Archive for September, 2012


– Topher Endress

At first glance, it would seem nothing is as intimate as one’s memory.  Private scenes playing in your head, often so real you can nearly taste them, hear them, feel them, with words not doing the feelings and pictures justice.  How could anyone else have the same memories that you do?  Despite this, I contend that memories are not the beacon of individuality that one might expect.

Instead, memory is a social institution. We have collective memories – sharing major experiences like 9/11 in our lifetimes, Pearl Harbor in our grandparents’, the release of the ipod, landing on the moon, the Challenger disaster, Hummel’s block against Wisky my freshman year (that was a world event in my eyes), etc. Moving away from global or national perspectives, we still have regionalist memories like earthquakes, winning sports teams (’07 Colts, baby!) and other highly-talked about events.  Group dynamics need historical components, or shared memories, to connect the current with the past and to allow the future to be connected as well.  We do not live in a bubble.  We are inherently effected by what goes one around us, and what has gone on before us.  As such, we need to know what those who have come before have done and how it changed them.  One of my most clear memories of Chartering weekend was listing to Dave Wozniak shares stories of sharing life with his brothers post-college, mostly because I know that those experiences are shaping our chapter today.  It is important to hear both the ‘what’ and the ‘why’ from older men if we are to learn about where we are right now.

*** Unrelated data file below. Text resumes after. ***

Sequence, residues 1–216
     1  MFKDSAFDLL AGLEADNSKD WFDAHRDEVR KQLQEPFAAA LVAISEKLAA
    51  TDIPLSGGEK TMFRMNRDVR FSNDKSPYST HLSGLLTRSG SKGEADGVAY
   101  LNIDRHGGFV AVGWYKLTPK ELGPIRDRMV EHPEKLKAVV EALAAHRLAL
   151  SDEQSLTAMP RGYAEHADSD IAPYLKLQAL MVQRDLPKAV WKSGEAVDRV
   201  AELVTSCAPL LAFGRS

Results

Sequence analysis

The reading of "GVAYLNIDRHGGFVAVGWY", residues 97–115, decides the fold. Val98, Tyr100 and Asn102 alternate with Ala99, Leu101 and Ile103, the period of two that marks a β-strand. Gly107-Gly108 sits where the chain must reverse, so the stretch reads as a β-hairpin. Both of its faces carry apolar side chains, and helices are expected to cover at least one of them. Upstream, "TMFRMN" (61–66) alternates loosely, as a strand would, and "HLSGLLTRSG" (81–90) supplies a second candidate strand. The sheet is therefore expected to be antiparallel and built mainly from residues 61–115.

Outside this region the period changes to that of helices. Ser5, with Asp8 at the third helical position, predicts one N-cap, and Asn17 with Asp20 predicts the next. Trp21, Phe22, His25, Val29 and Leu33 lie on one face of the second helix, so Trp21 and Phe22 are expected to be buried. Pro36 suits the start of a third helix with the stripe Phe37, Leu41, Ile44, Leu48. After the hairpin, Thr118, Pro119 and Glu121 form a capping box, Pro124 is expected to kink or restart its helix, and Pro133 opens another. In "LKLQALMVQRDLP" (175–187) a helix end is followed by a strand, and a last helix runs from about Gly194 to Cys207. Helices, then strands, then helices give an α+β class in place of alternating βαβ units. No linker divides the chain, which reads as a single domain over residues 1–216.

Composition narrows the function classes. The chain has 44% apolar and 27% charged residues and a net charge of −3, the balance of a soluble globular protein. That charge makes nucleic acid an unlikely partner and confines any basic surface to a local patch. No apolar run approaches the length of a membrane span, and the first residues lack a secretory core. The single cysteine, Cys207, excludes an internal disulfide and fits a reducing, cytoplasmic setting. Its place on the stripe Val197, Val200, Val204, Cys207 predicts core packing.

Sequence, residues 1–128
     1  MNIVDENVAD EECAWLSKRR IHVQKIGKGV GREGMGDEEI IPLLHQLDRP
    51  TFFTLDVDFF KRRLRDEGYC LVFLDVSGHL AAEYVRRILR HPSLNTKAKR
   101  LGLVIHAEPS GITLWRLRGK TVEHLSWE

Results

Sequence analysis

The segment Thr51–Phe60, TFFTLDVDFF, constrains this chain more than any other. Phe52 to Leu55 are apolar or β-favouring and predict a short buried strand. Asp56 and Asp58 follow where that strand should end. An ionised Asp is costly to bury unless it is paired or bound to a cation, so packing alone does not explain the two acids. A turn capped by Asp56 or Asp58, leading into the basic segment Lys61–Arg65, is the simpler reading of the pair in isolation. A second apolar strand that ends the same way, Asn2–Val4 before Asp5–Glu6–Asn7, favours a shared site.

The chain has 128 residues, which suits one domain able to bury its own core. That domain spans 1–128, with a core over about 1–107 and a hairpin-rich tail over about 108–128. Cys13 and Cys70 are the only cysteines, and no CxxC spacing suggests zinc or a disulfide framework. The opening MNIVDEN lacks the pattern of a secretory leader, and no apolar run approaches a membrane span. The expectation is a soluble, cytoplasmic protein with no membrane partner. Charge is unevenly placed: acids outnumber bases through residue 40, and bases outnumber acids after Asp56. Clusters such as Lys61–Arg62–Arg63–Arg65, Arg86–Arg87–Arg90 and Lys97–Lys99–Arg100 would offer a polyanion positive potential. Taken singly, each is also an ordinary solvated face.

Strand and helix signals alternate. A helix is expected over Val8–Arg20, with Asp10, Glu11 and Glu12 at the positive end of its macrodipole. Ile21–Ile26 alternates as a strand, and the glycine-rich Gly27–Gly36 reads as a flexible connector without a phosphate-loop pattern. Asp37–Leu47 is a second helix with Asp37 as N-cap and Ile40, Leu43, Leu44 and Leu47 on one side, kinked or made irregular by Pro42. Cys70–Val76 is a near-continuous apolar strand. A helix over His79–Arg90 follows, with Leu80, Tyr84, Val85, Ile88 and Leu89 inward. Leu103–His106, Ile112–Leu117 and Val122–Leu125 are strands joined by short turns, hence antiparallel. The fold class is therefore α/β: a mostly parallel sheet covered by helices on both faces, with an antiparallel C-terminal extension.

Of course, if we are to learn important lessons from those who have come before us, by logical extension we should share our own stories of who we were and who we are, individually and communally. We should be telling stories of why we joined Phi Tau and what it gave us.  Otherwise, the past stops impacting the present and cannot shape the future.  The new guys, younger guys, older guys and alumni all deserve to have a space in this storie-sharing cycle.  If we want Lambda to flourish, it will come from being able to transmit the knowledge of the past onto the present and applying it to the future.

What kind of stories can you share with the men around you?  What do those stories tell them about who you are and what you believe in?  What do your stories tell others about your experience in Phi Tau, and what do they make them think about the organization?



– Topher Endress

I normally don’t read short stories, but I found myself reading some Jack London today at work.  That led to a general search around the internet, and I came away with this super short story.  I don’t really know how I feel about it, other than I think it’s both really good and really depressing.  I just wanted to share it with someone, and I feel like maybe there are some brothers who wind up enjoying this:

“The old man sighed. The tall stack of the factory was churning out acrid, black smoke, in vast quantity, blotting out the sky and casting a twinge of oppressed grey into the clouds. Not much longer, and he would be like one of those clouds, too painted by to coal-ash to remember what a clean whiteness looked like. For 40 years he had been working; he was fifty-three and very nearly dead. His body was wearing thin, the sickly thin of sinewy muscles failing to remember to lift themselves up. His mind wandered. Coughing, he wondered if it was that his mind was too old to work, or if he simply lost interest in thinking. His son was by his bed, unsure of what to say. The old man shook his head, trying to recall what name he had given the boy. It didn’t matter. Not anymore. Nothing really mattered, save for the clouds. From his window, all he could see were the grey skies and the stack. Hidden from view was the muddy brown and white ground, watered by snow and ice but with no hope of growing. The son sighed back.